lots has happened, and as I try now to look back, I can't remember when the last time was that I even thought about adding some images and ideas. There was for some time last summer a period of stagnation beginning I think in mid summer, and continuing into the fall. It seems that often at the end of a work, or a series of work when there is nothing new waiting in the wings, or when a project or calamity comes up, which interupts the daily pilgimage to the canvas, enough of a break is created to let all kinds of conversations begin in my tiny little mind. These are not the good kinds that seem to begin with words like "what if..." which I connect with inspiration, they are conversations that go more like "who am I fooling", or "am I just going around in circles", and even get to the point where I start thinking that if I am boring myself, I can't imagine how other people might feel. The only thing I can say is that some where along the way I had gotten farther away from the work.
In july I had taken a hand full of drawings, and works on paper and I think five paintings to Hawley Design. This was a lot of work, framing, matting, and moving things in the hot summer sun, but it seemed like it may help get some things sold and some money comming in in the months of not teaching. Some where in that time I had been asked to teach a class at the Philbrook in conjunction with a gallery talk about Hans Hoffman's work. I took advantage of the time there wandering through the exhibition, through the museum, looking at reference material in the library, to think about the work and where it wasn't going at the moment. I was still drawing durring that time, mostly portrait studies. It seems important now to do this, because it allows me to move through a simple process and try to organize all the thoughts. I have since grad school been very interested in the work of Gorky, De Kooning, and John Graham, especially the work early in their lives which played with the abstraction of the figure. I had attempted to paint a reclining figure a couple years ago, and have tucked the canvas away in a miserable state of dissapointment for the moment, but this idea of the figure and an abstracted statement still calls to me.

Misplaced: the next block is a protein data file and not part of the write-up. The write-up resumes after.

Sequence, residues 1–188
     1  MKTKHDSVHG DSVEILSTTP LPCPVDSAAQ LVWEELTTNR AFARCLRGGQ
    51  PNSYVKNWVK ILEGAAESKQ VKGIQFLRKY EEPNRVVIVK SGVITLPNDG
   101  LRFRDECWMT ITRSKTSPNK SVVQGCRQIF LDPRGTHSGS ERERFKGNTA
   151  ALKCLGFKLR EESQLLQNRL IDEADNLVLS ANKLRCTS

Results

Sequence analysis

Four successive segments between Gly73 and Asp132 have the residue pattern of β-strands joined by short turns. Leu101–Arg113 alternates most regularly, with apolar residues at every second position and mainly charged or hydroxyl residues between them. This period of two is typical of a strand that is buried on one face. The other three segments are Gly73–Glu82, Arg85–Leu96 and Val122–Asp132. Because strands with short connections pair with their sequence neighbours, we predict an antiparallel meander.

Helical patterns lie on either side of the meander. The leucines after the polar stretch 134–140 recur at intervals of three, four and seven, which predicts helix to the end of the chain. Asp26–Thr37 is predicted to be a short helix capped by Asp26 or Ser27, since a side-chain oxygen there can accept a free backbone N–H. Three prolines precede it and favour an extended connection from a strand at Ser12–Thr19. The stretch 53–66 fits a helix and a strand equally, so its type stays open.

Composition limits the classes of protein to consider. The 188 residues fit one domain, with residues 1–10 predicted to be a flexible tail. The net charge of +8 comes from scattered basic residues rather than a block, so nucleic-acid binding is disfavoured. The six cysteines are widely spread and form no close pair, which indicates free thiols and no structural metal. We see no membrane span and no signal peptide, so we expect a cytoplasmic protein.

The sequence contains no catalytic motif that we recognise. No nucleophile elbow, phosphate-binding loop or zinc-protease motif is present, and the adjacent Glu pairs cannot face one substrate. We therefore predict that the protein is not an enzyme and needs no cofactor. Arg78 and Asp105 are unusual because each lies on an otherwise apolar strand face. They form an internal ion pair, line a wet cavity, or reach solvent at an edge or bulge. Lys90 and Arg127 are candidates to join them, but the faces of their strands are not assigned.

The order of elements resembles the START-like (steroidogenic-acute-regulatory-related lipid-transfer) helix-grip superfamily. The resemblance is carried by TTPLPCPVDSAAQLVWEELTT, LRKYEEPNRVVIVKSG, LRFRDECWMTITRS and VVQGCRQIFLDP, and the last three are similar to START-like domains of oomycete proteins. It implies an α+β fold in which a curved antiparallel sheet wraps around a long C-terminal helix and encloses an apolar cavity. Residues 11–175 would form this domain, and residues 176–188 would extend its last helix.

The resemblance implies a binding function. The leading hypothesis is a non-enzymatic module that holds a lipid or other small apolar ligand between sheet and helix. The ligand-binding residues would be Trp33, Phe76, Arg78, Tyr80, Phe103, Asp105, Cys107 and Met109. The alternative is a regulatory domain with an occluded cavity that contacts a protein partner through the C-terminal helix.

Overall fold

The school year began and I have to admit I was relieved to have some other conversations to compete with the internal noise. The conversations in the classroom are as important to my processing as the time spent with a brush in my hand. Abstraction and organizing the conversation around abstraction is always difficult. Most of us want to make it into some big monster that someone, like a medicine man, or expert understands, and should therefore be consulted in order to understand the monster. This idea of an intersessor in the process of communication has always seemed strange to me. Experts should help us to understand things we don't, but visual art is a thing which relies on a language of color, shape, marks, and placement. These things are easy for every one to see. Visual language takes work like learning to read,and I think that is where the problem is, or part of the problem. We think that we can't understand without help, and we don't trust our own eyes and head to read and understand what we see. I use the term we because I am exactly one of these people. I have been in this place. I had no idea what abstraction was all about and I thought some person who had the secret would have to explain it to me.
I mention all of this because abstraction is the larger issue, and becomes the connective tissue in the class room.
(more later, must go to the Atlas studio)